Peter, a leader among the apostles, writes:
And above all things, have fervent love among yourselves, for love covers over a multitude of sins. Offer hospitality to one another without grumbling. (I Peter 4:8-9)Peter writes as though the natural expression of love is hospitality. And still we are slow to open our homes to each other.
Peter wrote to all the members of the church: that we should offer hospitality to each other. If hospitality is required of the members, then how much more for the leaders. Paul lists it among the qualifications of a church leader:
An overseer must be blameless, the husband of one wife, vigilant, sober, of good behavior, given to hospitality, apt to teach. (1 Timothy 3:2)For church leaders, hospitality was given priority even over the ability to teach. I don't mean to neglect being blameless and all that; it tops off Paul's list. But the other things that Paul names are things we generally still expect of our church leaders. Why don't we expect leaders who are given to hospitality?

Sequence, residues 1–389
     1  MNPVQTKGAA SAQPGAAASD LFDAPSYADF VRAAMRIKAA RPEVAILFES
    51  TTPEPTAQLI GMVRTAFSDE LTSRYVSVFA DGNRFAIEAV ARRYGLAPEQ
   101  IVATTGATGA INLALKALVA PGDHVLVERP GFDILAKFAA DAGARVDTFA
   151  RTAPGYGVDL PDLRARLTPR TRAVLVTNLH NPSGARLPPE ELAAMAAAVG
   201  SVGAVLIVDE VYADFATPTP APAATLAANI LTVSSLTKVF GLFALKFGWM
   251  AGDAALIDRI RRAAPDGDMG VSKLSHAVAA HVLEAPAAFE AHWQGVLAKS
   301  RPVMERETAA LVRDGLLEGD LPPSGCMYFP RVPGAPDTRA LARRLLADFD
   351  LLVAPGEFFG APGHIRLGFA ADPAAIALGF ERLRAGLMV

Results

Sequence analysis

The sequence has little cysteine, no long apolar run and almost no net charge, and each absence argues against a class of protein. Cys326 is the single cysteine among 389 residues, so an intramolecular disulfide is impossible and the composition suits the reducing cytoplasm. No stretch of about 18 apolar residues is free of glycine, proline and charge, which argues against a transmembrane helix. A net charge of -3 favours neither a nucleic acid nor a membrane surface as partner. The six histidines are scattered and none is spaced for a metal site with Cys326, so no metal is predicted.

I have sometimes heard church leaders congratulate themselves on how they've finally stood up to their parishioners, who have asked: Shouldn't their parishioners be hospitable to them? Why then do the parishioners have any right to complain that their pastor never visits them or invites them over, if they have never taken the initiative and invited their pastor?
But the church leaders are called to lead -- and to lead by example. The thing about leading by example is that we're always setting an example, just maybe not a good one. If the church leaders do not invite their people and do not visit their people, they are leading all the same: they are showing by example that hospitality is not important here.
God calls us to be his people in the world. We become a people when we know and love each other. So the leader builds that group together by showing hospitality, and fellowship grows where people are welcomed.